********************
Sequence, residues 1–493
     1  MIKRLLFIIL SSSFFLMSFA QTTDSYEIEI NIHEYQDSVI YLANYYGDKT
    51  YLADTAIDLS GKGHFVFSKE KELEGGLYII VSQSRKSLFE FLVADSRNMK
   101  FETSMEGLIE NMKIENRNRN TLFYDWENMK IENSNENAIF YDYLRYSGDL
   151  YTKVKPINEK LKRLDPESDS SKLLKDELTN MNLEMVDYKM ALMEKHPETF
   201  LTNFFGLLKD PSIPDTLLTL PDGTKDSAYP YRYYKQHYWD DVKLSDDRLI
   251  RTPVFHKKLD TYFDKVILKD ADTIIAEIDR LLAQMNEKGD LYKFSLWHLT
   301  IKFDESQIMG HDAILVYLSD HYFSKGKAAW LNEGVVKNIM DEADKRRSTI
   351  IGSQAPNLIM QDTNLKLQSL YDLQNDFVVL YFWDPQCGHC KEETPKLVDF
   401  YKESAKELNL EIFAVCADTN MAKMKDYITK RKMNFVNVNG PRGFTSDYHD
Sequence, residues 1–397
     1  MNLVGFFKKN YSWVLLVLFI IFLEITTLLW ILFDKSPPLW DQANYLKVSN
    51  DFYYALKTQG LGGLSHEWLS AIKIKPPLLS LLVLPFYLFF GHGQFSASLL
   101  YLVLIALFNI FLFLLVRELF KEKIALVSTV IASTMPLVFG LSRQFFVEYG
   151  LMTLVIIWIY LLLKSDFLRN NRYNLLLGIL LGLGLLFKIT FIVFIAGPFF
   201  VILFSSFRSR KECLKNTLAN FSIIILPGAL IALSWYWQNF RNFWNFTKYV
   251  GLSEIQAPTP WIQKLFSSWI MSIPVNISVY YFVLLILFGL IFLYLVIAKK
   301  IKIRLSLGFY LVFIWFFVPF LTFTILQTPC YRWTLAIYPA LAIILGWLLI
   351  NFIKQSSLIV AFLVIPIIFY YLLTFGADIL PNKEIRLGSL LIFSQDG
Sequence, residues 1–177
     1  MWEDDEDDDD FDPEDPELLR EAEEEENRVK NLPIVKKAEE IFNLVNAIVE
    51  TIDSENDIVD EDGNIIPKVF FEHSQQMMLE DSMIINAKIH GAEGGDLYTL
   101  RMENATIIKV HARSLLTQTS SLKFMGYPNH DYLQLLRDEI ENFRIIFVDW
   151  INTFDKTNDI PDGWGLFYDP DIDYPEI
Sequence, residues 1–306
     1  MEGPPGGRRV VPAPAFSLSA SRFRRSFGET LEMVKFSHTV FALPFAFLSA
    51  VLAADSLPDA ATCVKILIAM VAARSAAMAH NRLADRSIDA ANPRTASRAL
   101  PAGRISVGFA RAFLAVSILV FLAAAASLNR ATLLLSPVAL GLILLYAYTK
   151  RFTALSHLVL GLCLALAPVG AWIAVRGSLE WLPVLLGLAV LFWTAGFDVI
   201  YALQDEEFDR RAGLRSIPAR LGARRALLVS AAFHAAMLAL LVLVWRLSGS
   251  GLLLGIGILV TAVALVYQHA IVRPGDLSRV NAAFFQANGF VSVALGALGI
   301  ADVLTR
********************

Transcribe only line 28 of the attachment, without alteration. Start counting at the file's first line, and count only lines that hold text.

   101  PAGRISVGFA RAFLAVSILV FLAAAASLNR ATLLLSPVAL GLILLYAYTK